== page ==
Why you should never "believe the science" - Episode 3 of infinity...
Shocked, I tell thee.
The key theory of what causes Alzheimer’s disease may be based on ‘manipulated’ data which has misdirected dementia research for 16 years – potentially wasting billions of pounds – a major investigation suggests.
A six-month probe by the journal Science reported “shockingly blatant” evidence of result tampering in a seminal research paper which proposed Alzheimer’s is triggered by a build-up of amyloid beta plaques in the brain.
In the 2006 article from the University of Minnesota, published in the journal Nature, scientists claimed to have discovered a type of amyloid beta which brought on dementia when injected into young rats.
It was the first substance ever identified in brain tissue which could cause memory impairment, and seemed like a smoking gun.
The Nature paper became one of the most-cited scientific articles on Alzheimer’s ever published, sparking a huge jump in global funding for research into drugs to clear away the plaques.
But the Science investigation claims to have found evidence that images of amyloid beta in mice had been doctored, in allegations branded “extremely serious” by the charity Alzheimer’s Research UK.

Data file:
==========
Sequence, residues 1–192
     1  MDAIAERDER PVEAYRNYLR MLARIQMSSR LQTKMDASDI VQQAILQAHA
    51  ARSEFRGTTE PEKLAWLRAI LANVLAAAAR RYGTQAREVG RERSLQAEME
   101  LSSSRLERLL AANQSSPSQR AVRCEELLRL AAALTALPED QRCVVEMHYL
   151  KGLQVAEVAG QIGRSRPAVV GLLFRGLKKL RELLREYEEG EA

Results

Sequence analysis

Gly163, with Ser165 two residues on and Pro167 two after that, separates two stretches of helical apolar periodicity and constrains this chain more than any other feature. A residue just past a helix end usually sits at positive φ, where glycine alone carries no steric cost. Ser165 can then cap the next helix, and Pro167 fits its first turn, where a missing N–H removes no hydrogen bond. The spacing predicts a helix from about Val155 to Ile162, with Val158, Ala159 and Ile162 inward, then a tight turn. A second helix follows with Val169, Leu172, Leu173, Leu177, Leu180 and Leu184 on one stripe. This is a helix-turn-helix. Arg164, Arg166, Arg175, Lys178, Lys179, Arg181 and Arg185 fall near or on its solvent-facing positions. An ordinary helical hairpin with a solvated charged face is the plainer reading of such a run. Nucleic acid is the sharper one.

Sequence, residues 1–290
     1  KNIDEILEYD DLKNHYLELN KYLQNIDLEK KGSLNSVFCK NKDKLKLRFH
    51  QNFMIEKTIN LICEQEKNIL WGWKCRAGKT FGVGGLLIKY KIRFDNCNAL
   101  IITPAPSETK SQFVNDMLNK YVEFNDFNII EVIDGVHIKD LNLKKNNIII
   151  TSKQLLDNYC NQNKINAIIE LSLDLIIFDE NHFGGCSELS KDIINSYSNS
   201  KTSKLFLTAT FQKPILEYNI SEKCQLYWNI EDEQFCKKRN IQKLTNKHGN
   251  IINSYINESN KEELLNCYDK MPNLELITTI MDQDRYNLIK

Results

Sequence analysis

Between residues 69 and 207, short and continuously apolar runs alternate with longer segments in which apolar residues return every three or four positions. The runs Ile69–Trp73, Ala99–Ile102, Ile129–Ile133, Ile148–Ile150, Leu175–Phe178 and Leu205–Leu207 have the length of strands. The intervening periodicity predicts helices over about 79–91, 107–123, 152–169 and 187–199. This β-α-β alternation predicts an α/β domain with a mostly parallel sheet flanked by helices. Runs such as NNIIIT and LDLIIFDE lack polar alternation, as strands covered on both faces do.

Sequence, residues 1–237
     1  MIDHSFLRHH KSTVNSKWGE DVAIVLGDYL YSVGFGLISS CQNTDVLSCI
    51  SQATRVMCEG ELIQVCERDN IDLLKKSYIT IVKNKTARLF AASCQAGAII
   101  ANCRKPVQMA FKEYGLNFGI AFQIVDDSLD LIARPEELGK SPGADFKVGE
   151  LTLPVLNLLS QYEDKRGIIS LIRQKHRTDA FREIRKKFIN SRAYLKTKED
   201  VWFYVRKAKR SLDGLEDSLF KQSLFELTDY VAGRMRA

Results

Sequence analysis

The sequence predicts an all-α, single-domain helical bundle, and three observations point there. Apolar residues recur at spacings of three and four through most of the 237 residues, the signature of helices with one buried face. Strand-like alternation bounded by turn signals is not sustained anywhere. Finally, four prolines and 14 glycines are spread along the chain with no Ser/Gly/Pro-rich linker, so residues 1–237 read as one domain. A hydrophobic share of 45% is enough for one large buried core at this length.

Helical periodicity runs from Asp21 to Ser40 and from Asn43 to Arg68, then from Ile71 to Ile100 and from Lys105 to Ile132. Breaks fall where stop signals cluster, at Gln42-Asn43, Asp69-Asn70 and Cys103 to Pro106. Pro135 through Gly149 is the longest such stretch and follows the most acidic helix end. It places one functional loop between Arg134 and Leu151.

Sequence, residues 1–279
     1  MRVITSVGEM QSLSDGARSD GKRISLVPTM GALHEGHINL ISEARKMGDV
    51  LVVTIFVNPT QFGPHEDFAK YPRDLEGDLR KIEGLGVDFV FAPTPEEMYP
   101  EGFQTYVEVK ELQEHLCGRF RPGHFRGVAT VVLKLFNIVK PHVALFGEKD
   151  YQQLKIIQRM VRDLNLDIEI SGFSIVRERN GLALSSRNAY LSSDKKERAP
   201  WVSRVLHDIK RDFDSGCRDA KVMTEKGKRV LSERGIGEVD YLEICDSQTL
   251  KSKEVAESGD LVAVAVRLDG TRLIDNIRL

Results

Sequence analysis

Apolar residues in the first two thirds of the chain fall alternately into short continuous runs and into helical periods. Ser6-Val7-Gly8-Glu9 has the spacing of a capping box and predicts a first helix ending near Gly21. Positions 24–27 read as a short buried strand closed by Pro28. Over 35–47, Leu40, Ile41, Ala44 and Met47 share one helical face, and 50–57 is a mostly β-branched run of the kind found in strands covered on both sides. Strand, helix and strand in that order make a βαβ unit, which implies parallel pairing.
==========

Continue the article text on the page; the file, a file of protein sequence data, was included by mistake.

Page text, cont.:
Elizabeth Bik, a forensic image consultant, brought in to assess the images, told Science that the authors appeared to have pieced together parts of photos from different experiments.
“The obtained experimental results might not have been the desired results and that data might have been changed to … better fit a hypothesis,” she said.
The article that unearthed the problem: https://www.science.org/content/article/potential-fabrication-research-images-threatens-key-theory-alzheimers-disease
In August 2021, Matthew Schrag, a neuroscientist and physician at Vanderbilt University, got a call that would plunge him into a maelstrom of possible scientific misconduct. A colleague wanted to connect him with an attorney investigating an experimental drug for Alzheimer’s disease called Simufilam. The drug’s developer, Cassava Sciences, claimed it improved cognition, partly by repairing a protein that can block sticky brain deposits of the protein amyloid beta (Aβ), a hallmark of Alzheimer’s. The attorney’s clients—two prominent neuroscientists who are also short sellers who profit if the company’s stock falls—believed some research related to Simufilam may have been “fraudulent,” according to a petition later filed on their behalf with the U.S. Food and Drug Administration (FDA).
So, it’s not a done deal, but it’s whiffy, isn’t it.
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